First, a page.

It's hard to quantify how or why one follows a faith or has a belief in God.
I suppose followers are presuaded to believe on a subjective and objective level.
What is certainly a factor, I think, is ones upbringing : if one is born in to a family who have a particular faith, then it is likely that one will be exposed to a particular set of beliefs.
That doesn't mean that one will remain in that faith throughout later life.

But as BD alluded too - I think faith, by it's nature, entails doubt.
It's hard to articulate what I mean by doubt.
When you see what appears to be an apparent injustice, doubt can arise.
I know I do doubt my faith at times - and I am sure others doubt their belief at times too.

There is the concept that faith is a gift from God as well.

The entire subject of faith/belief while very interesting, is extremely complex.

I do find the views of Atheists/Agnostics interesting - and reading about how they have arrived at their own conclusion about views.
post #92 of 99

Re: American Uproar Over Jesus's Tomb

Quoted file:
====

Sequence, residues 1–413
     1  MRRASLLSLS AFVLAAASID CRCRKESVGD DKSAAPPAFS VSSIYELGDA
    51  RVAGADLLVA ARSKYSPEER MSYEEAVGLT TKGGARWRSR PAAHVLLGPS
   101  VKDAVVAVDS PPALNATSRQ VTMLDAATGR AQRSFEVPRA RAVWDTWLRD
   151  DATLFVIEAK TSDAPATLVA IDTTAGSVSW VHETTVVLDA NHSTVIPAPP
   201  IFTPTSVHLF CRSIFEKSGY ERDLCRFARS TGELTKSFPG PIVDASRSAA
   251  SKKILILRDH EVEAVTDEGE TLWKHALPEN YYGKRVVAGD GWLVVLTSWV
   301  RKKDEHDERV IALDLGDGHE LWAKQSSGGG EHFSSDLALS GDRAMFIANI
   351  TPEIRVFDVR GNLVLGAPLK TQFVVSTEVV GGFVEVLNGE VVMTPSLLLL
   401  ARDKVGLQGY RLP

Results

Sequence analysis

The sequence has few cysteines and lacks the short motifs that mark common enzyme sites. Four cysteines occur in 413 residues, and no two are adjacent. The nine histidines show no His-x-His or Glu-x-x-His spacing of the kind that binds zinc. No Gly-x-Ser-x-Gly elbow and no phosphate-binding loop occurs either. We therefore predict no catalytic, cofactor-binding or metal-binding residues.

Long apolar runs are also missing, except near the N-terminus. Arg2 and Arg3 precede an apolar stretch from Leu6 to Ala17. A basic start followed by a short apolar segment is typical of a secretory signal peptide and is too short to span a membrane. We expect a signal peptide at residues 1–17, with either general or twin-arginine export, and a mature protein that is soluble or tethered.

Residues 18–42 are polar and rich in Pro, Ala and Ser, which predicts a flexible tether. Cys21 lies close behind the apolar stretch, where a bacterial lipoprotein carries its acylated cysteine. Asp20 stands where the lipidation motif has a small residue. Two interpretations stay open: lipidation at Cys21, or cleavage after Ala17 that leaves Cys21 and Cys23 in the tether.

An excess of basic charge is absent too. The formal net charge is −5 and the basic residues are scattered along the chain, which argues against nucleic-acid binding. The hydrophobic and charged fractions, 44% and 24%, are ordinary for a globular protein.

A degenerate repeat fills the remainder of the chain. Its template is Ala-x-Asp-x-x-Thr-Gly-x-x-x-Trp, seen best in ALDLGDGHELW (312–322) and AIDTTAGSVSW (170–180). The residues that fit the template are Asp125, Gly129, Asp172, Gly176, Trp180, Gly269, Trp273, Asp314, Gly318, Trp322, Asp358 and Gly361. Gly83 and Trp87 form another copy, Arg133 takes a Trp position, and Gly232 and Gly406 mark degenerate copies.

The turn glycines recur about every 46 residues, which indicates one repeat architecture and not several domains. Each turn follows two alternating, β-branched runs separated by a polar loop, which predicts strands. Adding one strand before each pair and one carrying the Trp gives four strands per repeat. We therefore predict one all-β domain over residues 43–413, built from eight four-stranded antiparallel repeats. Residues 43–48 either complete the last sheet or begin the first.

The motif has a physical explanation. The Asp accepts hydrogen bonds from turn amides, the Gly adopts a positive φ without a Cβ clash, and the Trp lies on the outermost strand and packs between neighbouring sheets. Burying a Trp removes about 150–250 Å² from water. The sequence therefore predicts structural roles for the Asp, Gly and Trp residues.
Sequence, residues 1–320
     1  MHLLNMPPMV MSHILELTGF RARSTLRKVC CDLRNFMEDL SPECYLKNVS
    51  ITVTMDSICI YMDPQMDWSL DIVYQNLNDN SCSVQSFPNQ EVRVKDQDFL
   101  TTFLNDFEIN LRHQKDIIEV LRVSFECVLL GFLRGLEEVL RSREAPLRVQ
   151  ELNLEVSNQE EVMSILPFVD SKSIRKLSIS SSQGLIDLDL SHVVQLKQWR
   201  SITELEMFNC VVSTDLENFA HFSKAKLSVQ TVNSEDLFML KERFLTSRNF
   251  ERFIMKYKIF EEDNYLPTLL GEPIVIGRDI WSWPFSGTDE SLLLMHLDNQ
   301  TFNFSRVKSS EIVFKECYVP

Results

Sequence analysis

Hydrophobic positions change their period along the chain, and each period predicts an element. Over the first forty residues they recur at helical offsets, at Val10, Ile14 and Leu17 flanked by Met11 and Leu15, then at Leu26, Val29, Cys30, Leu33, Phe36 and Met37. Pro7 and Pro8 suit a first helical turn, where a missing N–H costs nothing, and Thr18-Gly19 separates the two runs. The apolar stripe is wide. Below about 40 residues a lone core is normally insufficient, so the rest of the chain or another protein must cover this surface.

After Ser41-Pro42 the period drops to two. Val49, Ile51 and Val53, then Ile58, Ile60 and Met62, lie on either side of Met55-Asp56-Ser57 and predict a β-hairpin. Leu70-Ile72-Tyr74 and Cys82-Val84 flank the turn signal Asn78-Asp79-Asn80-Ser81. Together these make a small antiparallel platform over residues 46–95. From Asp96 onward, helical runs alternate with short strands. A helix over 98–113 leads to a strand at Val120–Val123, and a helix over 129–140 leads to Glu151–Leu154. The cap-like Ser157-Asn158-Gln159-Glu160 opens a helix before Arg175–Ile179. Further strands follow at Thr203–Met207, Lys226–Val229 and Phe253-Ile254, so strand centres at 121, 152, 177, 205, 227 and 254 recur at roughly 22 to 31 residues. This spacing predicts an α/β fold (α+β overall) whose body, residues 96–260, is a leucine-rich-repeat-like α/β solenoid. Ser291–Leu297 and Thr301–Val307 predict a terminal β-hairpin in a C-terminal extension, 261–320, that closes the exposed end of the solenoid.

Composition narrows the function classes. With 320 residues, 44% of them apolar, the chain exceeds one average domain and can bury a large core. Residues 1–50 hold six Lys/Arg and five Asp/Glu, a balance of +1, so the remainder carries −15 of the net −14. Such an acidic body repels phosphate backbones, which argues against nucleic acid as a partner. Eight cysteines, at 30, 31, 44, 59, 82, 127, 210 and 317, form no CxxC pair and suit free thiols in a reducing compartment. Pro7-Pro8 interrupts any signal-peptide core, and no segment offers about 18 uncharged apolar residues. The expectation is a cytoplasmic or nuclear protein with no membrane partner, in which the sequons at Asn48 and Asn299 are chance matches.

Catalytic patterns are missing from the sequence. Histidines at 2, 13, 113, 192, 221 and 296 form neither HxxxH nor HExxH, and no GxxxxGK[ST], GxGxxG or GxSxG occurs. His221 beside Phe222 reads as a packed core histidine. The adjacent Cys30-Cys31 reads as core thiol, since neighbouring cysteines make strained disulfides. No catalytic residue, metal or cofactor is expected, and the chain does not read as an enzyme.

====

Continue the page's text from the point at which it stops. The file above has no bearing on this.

Quote:
Originally Posted by limerickman
It's hard to quantify how or why one follows a faith or has a belief in God.
I suppose followers are presuaded to believe on a subjective and objective level.
What is certainly a factor, I think, is ones upbringing : if one is born in to a family who have a particular faith, then it is likely that one will be exposed to a particular set of beliefs.
That doesn't mean that one will remain in that faith throughout later life.

But as BD alluded too - I think faith, by it's nature, entails doubt.
It's hard to articulate what I mean by doubt.
When you see what appears to be an apparent injustice, doubt can arise.
I know I do doubt my faith at times - and I am sure others doubt their belief at times too.
I understand exactly what you mean.
post #93 of 99

Re: American Uproar Over Jesus's Tomb

Quote:
Originally Posted by Colorado Ryder
I understand exactly what you mean.
Well we agree on something CR !
post #94 of 99

Re: American Uproar Over Jesus's Tomb

Quote:
Originally Posted by limerickman
Well we agree on something CR !
And they say miracles don't happen any more.
post #95 of 99

Re: American Uproar Over Jesus's Tomb

I think Carerra referred to the USA earlier : I'm reading a book called Colossus
by Prof.Niall Ferguson and a statistic he quotes is